Recently, I had an extremely bad match where the entire time I felt paralyzed with fear. I was so afraid of losing and letting my team and coach down that I physically couldn’t perform the basics of tennis that should have been ingrained in my body like autopilot. The entire time I felt like fighting back tears and I just wanted to walk off the court and give up. I ended up pulling out a win somehow, but was so distraught because I had never felt like I had let myself down more. I was so conflicted on how I should handle it, but felt the urge to reveal to my coaches the deeper side of things.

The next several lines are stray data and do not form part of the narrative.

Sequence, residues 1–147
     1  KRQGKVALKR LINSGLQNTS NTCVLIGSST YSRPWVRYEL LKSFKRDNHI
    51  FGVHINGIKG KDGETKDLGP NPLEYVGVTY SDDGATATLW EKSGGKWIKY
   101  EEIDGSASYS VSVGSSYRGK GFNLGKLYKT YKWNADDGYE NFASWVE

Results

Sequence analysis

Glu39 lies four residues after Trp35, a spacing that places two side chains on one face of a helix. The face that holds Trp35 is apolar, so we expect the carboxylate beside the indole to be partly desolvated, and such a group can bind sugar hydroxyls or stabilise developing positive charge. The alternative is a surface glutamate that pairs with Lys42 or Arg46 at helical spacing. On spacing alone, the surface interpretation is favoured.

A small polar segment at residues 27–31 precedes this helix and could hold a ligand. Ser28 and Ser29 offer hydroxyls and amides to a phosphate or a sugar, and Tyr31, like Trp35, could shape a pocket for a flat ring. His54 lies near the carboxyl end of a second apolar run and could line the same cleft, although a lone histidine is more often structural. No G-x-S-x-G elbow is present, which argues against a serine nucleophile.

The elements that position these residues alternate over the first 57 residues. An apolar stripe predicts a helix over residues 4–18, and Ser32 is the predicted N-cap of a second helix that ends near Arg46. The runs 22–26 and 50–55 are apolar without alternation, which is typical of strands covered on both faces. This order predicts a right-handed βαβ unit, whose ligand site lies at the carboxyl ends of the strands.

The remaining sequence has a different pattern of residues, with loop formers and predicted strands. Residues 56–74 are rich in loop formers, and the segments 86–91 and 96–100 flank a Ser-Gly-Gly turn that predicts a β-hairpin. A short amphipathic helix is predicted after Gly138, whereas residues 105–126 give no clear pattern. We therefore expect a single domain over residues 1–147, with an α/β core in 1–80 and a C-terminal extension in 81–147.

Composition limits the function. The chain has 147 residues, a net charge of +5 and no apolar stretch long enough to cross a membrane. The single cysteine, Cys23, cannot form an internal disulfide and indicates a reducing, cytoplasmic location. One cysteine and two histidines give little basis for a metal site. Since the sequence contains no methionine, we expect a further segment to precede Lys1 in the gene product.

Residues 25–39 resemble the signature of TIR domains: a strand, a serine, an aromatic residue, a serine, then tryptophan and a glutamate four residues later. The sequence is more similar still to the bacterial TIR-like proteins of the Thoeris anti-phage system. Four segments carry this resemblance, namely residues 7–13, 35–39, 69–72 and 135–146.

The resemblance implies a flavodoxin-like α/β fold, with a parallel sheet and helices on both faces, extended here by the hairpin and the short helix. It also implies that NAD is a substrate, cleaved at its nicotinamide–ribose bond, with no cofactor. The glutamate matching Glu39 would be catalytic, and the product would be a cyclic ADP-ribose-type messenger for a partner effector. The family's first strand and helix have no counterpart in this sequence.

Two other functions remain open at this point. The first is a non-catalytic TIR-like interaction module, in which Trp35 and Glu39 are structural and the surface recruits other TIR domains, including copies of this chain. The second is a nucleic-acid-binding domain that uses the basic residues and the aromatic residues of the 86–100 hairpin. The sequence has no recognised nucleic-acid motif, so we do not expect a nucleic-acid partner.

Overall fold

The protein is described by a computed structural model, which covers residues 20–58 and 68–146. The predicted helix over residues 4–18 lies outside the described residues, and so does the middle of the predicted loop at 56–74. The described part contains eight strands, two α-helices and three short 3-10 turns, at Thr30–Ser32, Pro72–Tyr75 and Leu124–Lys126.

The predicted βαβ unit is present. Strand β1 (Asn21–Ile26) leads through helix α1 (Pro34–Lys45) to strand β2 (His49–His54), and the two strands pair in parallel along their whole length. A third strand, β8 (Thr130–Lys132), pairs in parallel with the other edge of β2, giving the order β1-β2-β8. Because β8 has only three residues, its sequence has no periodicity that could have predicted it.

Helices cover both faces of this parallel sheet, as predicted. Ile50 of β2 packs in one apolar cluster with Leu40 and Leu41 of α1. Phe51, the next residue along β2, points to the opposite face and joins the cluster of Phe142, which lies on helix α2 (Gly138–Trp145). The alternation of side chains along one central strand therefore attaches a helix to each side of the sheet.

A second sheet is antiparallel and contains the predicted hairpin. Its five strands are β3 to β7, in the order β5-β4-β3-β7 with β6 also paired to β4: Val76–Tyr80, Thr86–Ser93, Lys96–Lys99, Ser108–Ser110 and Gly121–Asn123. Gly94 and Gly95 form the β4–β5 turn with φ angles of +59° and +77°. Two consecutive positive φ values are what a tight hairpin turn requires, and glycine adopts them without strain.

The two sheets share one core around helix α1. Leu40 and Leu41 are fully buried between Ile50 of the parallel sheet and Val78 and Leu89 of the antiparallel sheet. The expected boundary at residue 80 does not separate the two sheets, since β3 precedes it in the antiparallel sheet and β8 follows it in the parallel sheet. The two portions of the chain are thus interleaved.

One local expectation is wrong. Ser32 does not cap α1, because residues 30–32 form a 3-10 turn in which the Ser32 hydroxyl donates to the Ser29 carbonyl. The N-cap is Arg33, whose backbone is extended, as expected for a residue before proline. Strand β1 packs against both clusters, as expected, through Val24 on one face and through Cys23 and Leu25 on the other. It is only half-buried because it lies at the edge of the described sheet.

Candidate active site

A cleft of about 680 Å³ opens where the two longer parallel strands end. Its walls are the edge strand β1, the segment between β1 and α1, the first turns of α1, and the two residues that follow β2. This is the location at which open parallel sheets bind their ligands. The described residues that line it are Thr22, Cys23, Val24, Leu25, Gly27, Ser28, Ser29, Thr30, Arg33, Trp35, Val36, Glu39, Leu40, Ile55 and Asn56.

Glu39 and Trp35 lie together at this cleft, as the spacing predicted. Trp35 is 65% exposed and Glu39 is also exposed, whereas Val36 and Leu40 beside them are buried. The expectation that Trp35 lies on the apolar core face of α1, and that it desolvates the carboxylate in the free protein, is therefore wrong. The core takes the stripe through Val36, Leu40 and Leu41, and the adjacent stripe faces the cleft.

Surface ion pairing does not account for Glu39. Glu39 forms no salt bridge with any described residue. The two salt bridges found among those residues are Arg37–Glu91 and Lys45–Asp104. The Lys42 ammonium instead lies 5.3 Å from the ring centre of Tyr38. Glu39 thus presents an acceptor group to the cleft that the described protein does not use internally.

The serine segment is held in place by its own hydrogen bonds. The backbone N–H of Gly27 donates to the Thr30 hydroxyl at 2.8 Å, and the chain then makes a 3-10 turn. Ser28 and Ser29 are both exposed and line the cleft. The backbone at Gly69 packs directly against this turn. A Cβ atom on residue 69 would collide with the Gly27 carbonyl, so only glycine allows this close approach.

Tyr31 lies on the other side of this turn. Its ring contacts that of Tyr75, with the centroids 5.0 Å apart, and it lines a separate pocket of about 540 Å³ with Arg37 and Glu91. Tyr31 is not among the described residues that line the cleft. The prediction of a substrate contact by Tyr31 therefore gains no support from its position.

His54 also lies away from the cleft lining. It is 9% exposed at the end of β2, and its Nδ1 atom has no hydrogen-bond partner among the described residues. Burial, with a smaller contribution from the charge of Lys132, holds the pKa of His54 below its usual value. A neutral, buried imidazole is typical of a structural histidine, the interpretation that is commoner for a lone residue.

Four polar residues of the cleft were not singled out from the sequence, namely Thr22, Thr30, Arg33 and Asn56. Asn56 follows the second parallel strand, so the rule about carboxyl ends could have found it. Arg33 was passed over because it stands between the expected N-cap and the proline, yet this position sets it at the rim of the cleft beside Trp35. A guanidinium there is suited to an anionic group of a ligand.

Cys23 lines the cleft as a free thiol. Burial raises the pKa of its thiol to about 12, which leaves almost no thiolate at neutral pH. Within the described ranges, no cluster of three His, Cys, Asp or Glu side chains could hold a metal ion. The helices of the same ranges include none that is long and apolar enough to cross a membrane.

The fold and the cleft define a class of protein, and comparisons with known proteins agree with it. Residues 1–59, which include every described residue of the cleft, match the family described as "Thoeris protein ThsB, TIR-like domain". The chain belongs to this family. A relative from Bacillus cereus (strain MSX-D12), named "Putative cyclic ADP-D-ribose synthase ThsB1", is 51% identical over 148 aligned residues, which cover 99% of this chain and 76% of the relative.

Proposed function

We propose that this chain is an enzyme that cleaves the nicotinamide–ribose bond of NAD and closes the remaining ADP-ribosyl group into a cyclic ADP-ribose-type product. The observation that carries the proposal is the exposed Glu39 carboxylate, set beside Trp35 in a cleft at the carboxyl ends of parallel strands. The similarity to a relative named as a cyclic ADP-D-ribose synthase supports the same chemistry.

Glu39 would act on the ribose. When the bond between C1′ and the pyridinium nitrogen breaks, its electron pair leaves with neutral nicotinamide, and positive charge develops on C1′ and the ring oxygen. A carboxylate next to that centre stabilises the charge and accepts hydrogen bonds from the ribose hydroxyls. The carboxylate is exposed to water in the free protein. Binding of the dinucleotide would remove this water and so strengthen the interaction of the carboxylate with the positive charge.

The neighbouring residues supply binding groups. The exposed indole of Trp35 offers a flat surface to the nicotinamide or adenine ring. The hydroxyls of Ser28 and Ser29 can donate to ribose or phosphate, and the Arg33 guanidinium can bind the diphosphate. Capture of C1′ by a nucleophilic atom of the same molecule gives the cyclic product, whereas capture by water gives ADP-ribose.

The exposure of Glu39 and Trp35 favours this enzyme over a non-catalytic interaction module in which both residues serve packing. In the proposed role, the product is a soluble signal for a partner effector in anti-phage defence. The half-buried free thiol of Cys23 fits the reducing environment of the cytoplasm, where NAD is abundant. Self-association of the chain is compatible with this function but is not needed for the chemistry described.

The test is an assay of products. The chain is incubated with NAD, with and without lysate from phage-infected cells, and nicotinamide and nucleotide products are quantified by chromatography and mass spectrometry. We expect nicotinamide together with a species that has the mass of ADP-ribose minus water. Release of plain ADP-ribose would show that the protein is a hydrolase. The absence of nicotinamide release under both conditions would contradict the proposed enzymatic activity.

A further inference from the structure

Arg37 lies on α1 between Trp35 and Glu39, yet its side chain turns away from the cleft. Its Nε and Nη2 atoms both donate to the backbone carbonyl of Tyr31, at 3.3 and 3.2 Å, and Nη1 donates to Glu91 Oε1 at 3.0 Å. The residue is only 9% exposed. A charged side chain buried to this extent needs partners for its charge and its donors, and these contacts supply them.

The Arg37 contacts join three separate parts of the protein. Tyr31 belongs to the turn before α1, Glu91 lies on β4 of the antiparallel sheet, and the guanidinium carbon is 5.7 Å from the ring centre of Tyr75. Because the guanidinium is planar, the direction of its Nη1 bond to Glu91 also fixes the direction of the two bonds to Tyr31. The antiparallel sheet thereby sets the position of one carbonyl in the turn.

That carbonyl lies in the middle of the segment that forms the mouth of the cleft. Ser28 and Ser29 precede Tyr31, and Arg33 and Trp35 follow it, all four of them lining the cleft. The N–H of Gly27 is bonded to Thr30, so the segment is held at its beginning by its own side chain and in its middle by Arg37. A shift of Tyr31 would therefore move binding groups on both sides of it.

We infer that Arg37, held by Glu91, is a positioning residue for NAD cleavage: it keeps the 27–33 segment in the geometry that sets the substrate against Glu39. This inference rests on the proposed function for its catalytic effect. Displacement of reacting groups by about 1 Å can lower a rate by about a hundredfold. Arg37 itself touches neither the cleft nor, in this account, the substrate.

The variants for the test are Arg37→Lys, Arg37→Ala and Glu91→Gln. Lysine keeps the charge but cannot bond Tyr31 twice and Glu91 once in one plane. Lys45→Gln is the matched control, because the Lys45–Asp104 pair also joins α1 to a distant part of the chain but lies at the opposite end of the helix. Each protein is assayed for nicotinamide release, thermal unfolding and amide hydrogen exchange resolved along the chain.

After we had met as a team in our private room, where we are given the low down on what we need to improve upon and what we did well, I pulled my coach aside and very nervously asked him if I could tell him something. Immediately, I broke down in tears. I was so embarrassed, come on Meredith, for once can you just keep your shit together, I thought to myself. I don’t know why I was so afraid; I know how kind-hearted my coach is, and deep down I knew that he would not judge me or kick me off the team. All of these fears were fabricated in my own mind, not an uncommon theme for those with mental illness.